Let me start by saying I’ve never written a Yelp review about a guest before. Ive been working at this restaurant for a long time—WAY before you read about it on Yelp—and most people consider me an excellent waiter. I get great reviews all the time, so I can only assume since you were such a problem when I waited on your table last Friday night that there must be something lacking on your end.
First of all, your Open Table guest notes said you were a VIP. I guess maybe my expectations of you were a little too high from the beginning. The minute I approached the table I knew it was going to be a long night.
“Welcome to the restaurant,” I said cheerfully. You didn’t answer. I set the wine list on the table in front of you but you were too busy on your iPhone to bother acknowledging me. It’s obvious that impressing your friends on Instagram with still life portraits of napkins and cutlery is more important than considering the menu.
“Can I bring you something—”
“Tap water no ice,” you interjected dismissively, “and some bread right away.”
I guess this must be how Open Table VIPs act, I thought to myself. After I poured the water, you ordered a Casamigos Margarita and asked if the bartender could make it with agave nectar. Does this look like a Mexican restaurant? Sorry, señor.
“Fine, fine, fine, just NO sugar. I’m Paleo,” you said.
Your friends at the table must’ve been really impressed by your story of how you saw George Clooney in an elevator once in Beverly Hills. I wasn’t. Even George knows Casamigos is total basura. Why do you think he sold the brand? Maybe you should go back to Cocktail School and learn how to order a proper drink.
Like clockwork, you start waving me over like you were hailing a cab after I already checked in with you five times to see if you were ready. Of course, NOW you’re in a hurry and need to order RIGHT AWAY. Maybe if you tell me one more time that you have Hamilton tickets I’ll feel a greater sense of urgency. Probably not, though, because I’ll be too busy in the service station ridiculing you to my colleagues. I told them you must have given all your money to Lin-Manuel Miranda because you obviously don’t have the funds to order a proper two-course meal.
When your food arrived, it must’ve looked like I was enjoying standing there waiting for you to move your iPhone while I tried to serve your Abalone Crudo. It was hard to fight the urge to tell you right then and there that you pronounced Abalone wrong when you ordered it. It was obvious to me that you thought you were ordering Tuna. That’s Albacore, Einstein.
When I finished putting your plates down, I couldn’t believe you had the nerve to ask if I could divide your salad too? Do I look like your mommy? You want me to cut your food into tiny pieces and spoon feed you little bites while I make roller coaster and airplane noises? Don’t be such a baby. Use the serving utensils we gave you like everyone else. This is a fine dining restaurant, not hospice care.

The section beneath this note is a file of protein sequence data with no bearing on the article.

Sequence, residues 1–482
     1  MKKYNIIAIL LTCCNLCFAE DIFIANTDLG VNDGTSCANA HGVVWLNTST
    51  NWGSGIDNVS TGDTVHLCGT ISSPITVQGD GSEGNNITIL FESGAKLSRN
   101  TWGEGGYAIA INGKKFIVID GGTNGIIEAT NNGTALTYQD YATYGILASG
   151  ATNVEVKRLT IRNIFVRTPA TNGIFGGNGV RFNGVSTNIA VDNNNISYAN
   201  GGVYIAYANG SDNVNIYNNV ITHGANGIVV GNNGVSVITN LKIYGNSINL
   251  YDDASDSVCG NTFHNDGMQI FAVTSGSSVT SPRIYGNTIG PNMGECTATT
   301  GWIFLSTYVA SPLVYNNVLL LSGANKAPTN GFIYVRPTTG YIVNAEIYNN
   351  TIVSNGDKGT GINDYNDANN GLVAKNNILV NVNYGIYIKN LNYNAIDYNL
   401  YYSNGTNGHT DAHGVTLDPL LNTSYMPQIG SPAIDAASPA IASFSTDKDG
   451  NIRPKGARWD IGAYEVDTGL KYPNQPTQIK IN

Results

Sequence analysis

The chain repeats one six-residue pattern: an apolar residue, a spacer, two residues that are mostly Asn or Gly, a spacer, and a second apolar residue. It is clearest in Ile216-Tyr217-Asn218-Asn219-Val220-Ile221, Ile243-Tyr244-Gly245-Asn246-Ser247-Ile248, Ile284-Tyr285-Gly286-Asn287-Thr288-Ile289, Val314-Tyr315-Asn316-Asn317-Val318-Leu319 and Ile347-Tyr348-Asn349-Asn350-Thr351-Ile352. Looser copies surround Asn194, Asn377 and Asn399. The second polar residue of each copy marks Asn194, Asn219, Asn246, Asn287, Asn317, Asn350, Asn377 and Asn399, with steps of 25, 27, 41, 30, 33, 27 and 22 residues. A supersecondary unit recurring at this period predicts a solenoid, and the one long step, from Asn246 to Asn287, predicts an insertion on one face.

Someone should petition Open Table to revoke your VIP status. There are so many diners better than you. Even that guy with the bad hairpiece and the emotional support animal who always sits alone on Table 42 and drinks Beaujolais puts you to shame. He comes in all the time—ten times the VIP you’ll ever be. Do you hear me, Open Table?
After all that, I wasn’t the slightest bit surprised when the busboy cleared your table and you asked me to bring you a toothpick. You seriously can’t wait until you leave to grab one at the door on the way out? I’m sure your dining companions got a real kick out of watching you pick your teeth while they considered the dessert options. Real classy. Of course they declined dessert because the sight of you poking and prodding your gumline doesn’t exactly scream “Hey… Let’s have a slice of Key Lime Pie!!”
The highlight of waiting on you was delivering the check. Obviously, you never asked me for it, but I dropped it anyway. I figured you were inconsiderate of me all night so it only made sense that I return the favor. Your ten percent tip was just the icing on the cake. Maybe if you tipped respectably, I might not have resorted to shaming you on Yelp.
Oh… and just in case you thought I didn’t see it, I’ve already read the salacious one-star Yelp review you posted about your experience and I have two words for you: Fake News. Your “alternative ending” was worthy of an episode of Black Mirror: Bandersnatch.
Honestly, I can sleep at night knowing that the odds of your ever sitting in my section again in this restaurant (or in any other restaurant that could potentially employ me in the future) are slim to none. If it was up to me, you would never be allowed back into this restaurant again—unless maybe you’re ordering take out.
Meh. It’s the service industry. There are A-holes you’ll encounter in every job. Ranting about them doesn’t do one any good.